June 26, 2011 By Angela Boothroyd
To breeze in / into somewhere is to enter quickly and confidently.
This expression is often used to describe people who breeze into somewhere without caring what other people think.
Examples of use:
1. She breezed into the room and took over the meeting.
2. Hey! We were watching that: you can’t just breeze in here and change the TV channel!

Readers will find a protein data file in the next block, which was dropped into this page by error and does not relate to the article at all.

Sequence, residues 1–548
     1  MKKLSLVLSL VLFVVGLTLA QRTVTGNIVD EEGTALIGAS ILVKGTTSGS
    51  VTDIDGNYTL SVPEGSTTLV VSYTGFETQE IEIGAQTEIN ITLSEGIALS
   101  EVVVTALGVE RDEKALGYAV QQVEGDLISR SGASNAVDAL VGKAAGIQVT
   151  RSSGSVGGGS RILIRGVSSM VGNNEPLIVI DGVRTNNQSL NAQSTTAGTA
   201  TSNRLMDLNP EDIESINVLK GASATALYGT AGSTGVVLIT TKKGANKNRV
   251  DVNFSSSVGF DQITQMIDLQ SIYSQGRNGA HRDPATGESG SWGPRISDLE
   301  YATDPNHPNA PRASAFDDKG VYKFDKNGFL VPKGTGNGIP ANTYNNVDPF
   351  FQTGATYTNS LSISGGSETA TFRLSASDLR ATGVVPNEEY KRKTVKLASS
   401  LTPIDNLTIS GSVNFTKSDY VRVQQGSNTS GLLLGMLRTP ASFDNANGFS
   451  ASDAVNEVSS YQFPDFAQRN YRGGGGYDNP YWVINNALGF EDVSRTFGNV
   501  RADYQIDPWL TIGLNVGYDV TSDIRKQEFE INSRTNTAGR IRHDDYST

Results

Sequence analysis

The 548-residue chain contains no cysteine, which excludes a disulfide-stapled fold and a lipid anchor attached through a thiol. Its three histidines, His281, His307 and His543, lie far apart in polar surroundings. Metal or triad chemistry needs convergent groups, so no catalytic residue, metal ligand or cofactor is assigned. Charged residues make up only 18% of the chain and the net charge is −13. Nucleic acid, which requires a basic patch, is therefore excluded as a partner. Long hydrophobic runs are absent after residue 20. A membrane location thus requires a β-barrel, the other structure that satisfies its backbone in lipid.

3. News headline: Germany breeze into next round of World Cup.
4. Wimbledon tennis news: Serena Williams and Maria Sharapova breeze into last 16.
|infinitive||breeze in / into|
|present simple||breeze in / into and breezes in / into|
|-ing form||breezing in / into|
|past simple||breezed in / into|
|past participle||breezed in / into|
Can you use breeze into in a sentence?
Do you think it is rude to breeze into a meeting and take over?
Image © Chris Eason